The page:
There are many people who go through life for short periods feeling sad or not like their usual selves. Sometimes, these mood changes begin and end when the seasons change. Some people may start to feel “down” when the days get shorter in the fall and winter (also called “winter blues”) and begin to feel better in the spring, with longer daylight hours.
In some cases, these mood changes are more serious and can affect how a person feels, thinks, and handles daily activities. If you have noticed significant changes in your mood and behaviour whenever the seasons change, you may be suffering from seasonal affective disorder (SAD). Seasonal affective disorder (SAD) is a type of depression that’s related to changes in seasons.
If you ever feel this way don’t brush it off as a case of the “winter blues”, and take steps to keep your mood and motivation stable and lifted up throughout the year.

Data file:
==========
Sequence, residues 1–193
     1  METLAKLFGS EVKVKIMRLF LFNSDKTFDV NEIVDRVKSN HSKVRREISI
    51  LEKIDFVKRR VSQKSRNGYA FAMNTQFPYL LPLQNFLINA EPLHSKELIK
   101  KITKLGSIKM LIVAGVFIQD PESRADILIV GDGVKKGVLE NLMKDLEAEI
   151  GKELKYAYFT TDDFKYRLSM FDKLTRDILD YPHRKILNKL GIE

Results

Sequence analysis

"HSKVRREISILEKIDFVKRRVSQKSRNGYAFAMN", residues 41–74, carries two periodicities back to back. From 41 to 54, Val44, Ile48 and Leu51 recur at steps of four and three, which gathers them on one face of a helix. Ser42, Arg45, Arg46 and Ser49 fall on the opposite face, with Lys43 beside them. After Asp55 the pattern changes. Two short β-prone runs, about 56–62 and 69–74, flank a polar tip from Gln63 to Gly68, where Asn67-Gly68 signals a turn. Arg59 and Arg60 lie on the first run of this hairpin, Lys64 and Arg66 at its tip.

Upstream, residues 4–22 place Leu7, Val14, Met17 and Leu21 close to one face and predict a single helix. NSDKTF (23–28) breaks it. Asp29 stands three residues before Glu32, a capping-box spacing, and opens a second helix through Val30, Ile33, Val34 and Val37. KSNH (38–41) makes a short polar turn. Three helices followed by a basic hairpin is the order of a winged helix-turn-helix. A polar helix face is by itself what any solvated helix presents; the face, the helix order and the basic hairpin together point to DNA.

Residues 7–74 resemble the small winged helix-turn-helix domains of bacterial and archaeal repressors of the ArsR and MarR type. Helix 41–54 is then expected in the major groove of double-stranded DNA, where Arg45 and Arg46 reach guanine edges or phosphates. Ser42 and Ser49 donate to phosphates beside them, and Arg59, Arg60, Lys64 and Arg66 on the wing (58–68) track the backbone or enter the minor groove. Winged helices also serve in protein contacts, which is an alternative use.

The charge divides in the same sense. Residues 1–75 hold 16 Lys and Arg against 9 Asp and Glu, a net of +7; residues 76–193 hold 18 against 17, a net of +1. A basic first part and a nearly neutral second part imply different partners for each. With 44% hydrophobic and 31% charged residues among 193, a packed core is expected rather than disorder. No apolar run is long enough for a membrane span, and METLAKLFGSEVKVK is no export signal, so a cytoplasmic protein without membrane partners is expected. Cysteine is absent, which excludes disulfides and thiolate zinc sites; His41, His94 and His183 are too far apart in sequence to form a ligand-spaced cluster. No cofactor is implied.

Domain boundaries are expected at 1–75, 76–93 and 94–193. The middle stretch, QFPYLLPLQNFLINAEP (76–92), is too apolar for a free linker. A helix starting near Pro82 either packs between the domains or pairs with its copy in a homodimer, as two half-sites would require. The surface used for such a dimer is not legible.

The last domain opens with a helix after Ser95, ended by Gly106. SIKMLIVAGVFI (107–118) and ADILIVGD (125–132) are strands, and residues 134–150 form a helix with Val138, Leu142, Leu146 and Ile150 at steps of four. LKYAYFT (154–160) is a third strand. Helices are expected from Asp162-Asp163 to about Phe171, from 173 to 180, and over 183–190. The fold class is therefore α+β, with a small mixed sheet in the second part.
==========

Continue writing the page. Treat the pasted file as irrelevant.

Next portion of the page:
When to see a doctor:
It’s normal to have some days when you feel down. But if you feel down for days at a time and you can’t get motivated to do activities you normally enjoy, see your health care provider. This is especially important if your sleep patterns and appetite have changed, you turn to alcohol for comfort or relaxation, or you feel hopeless or think about suicide. (Source: mayoclinic.ca)
Here are twelve ways to combat seasonal affective disorder:
1. Talk to Your Doctor
2. Light Therapy
4. Avoid Alcohol
5. Spend more time outdoor, and get your daily dose of vitamin D.
6. Keep a journal to document and manage negative thoughts and feelings
7. Rearrange office or home furniture to maximize sun exposure
8. Resist unhealthy eating
9. Take a vacation in the sun
10 Take vitamin D Supplements
11. Eat vitamin D food like eggs, yoghurt
, salmon etc.
12. Exercise and try to work outdoors if possible, i.e walking or meetings.
Follow (Karen B.) on Twitter: @MEHEP4U or @MentalPerspect